American States. For several tense days Soviet vessels en route to Cuba avoided
the quarantine zone, and Khrushchev and Kennedy communicated through diplomatic
channels. Khrushchev wavered in his position, sending a message on October 26 in
which he agreed to Kennedy's demands to remove all missiles, and then the
following day he tried to negotiate other terms. Kennedy responded to the first
communication, and on October 28, Khrushchev agreed to dismantle and remove the
weapons from Cuba and offered the United States on-site inspection in return for
a guarantee not to invade Cuba. Kennedy accepted and halted the blockade. Cuba,
angry at Soviet submission, refused to permit the promised inspection, but U.S.
aerial reconnaissance revealed that the missile bases were being disassembled.
The apparent capitulation of the USSR in the standoff was instrumental in
Khrushchev's being deposed in 1964. In 1987 the INF (Intermediate Range Nuclear
Forces Treaty) eliminated all U.S. and Soviet land-based missiles with ranges
between 500 and 5,500 km (300 and 3,400 mi.) to prevent another Nuclear World
War. At the beginning of the 1990s the United States and the USSR had a total of
about 50,000 nuclear warheads, about half of them strategic and half-tactical.
The breakup of the Soviet Union, as well as the START (Strategic Arms Reduction
Talks) Treaty and later agreements, are expected to result in a reduction to
about 1500 strategic nuclear warheads each for the U.S. and Russia by the turn
of the century. Comparable reductions in tactical nuclear warheads are also
likely. It’s been a long time since the nuclear limitation started. Yet during
those years, nuclear weapons weren’t used against human targets under any
publications. But, how do we know if the world has learned to live in the shadow
of these powerful weapons? Never the less, our country still have 25,000 nuclear
warhead lining around the global, If the world is living in fear and hoping for
peace, where did our 3,500 trillions taxes money go? What does our military plan
to do with those nuclear weapons, Protection or Injection? What weapon did our
country used in Gulf War, in Vietnam War, or in Korea War. . .? And how do you
know, were you there or you were just listening? Even though high amount of
Nuclear weapons was reduced, our world is still in the hand of danger, by the
end of the 20th century; our global will have enough nuclear warhead to destroy
Earth 30 times. Can our country or any other countries promise worldwide peace
forever or just for now? Put yourself in the position of world leadership in
today’s world, what would you do to become a worldwide domination, use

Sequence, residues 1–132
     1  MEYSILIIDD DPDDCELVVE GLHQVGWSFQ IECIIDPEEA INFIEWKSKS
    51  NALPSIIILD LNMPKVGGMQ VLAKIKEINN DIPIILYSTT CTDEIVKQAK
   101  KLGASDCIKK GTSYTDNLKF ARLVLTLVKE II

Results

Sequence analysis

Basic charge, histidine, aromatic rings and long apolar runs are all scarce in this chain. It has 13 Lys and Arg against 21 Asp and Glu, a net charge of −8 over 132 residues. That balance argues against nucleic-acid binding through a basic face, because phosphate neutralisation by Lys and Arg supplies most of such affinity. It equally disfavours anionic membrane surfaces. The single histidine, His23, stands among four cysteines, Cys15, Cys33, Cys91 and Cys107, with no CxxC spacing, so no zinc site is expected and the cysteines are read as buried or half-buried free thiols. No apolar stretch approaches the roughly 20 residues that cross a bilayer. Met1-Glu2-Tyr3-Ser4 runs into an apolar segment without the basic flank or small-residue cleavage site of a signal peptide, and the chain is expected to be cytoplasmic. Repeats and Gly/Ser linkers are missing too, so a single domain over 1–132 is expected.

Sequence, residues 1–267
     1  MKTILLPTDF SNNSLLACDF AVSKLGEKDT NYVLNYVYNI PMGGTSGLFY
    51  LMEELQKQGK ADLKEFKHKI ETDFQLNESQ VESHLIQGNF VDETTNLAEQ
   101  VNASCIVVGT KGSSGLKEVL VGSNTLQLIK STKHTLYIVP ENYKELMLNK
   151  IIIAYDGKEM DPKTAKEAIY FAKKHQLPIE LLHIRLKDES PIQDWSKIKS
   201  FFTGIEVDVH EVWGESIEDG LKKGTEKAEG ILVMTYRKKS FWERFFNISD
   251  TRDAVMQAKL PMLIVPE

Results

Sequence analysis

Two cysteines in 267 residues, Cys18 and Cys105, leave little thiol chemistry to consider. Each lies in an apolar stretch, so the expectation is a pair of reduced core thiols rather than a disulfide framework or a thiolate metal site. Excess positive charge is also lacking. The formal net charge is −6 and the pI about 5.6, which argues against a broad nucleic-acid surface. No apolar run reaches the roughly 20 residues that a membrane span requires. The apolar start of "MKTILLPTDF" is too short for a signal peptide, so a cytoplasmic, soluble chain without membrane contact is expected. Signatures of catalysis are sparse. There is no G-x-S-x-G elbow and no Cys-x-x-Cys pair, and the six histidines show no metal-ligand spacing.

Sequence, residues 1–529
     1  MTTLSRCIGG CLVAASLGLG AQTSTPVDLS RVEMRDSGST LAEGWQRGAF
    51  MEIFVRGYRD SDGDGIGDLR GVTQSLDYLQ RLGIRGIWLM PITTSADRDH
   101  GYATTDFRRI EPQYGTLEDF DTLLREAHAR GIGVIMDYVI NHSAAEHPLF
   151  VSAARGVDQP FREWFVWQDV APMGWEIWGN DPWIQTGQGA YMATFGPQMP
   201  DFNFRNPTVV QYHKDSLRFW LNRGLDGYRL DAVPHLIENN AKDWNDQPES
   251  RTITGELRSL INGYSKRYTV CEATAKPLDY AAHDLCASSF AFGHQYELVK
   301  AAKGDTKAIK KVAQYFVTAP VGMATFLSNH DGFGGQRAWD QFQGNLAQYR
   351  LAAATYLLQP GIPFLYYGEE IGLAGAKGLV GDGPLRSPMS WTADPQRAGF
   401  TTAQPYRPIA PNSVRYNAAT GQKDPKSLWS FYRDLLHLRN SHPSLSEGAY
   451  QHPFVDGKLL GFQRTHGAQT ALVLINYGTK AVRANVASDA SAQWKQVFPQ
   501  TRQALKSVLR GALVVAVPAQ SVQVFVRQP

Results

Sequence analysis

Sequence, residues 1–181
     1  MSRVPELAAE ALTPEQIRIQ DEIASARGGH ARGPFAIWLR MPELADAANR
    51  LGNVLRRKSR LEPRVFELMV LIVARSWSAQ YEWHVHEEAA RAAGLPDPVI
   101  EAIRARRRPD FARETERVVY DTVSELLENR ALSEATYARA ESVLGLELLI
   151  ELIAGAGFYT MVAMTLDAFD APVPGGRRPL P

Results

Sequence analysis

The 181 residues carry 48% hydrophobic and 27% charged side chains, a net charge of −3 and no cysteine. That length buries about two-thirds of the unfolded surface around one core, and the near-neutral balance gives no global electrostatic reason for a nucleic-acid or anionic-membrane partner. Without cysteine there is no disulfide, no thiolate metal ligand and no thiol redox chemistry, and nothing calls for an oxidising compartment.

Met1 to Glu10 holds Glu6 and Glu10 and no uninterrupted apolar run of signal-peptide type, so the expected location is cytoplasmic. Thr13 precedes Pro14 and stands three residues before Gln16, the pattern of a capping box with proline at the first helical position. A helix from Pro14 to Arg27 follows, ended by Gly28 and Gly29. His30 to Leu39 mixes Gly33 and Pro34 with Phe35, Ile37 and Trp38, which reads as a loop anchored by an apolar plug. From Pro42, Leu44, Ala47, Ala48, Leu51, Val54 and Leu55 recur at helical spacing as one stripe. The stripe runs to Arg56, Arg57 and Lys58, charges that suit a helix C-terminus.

evil-human force or evil-human weapon? All those question are unanswerable, none
can tell you the truth because none knows the truth. However, one fact still
remained the same, one fact that can no longer be forgotten, one fact that
can’t be erased; is we used nuclear weapons to save thousand of American’s
lives, but killed millions of other people’s lives. One word from the
president caused the death of thousands of indecent upcoming generation. How can
you be so sure that you will not be the next VICTIUM? Can you promise yourself
that there will be no World War III, no nuclear explosion, no nuclear leak or no
nuclear researches? If you can’t tell yourself all the answer is NO. Then you
might need to refresh your brain! What can you do if one day the president of
certain country wake up and he decided to lunch nuclear strike? Probably
nothing! By that time, you certainly will wish that you did something to prevent
this happening, but you didn’t and that might just be the penalty. In less
than another 2 years, the new millennium will come. People from the global will
join another to lunch the largest battlefield of mankind! MANKIND, That word
should have a new meaning for all of us, we can’t be consuming by our petty
litter differences anymore, and we will be united by our common interest. Maybe
its faith that today is The 4th of July and we will once again fighting for our
freedom, for our dilation. We are fighting for our rights to live, to live in
peace. Shouldn’t we win today? The 4th of July should no longer remember as an
America holiday, but it’s the day that the world declare in one voice that we
will not go to quietly into the night, we will not finish without a fight, we
going to live on, we going to survive. Today we celebrate our Independence Day,
we celebrate our freedom from nuclear distraction!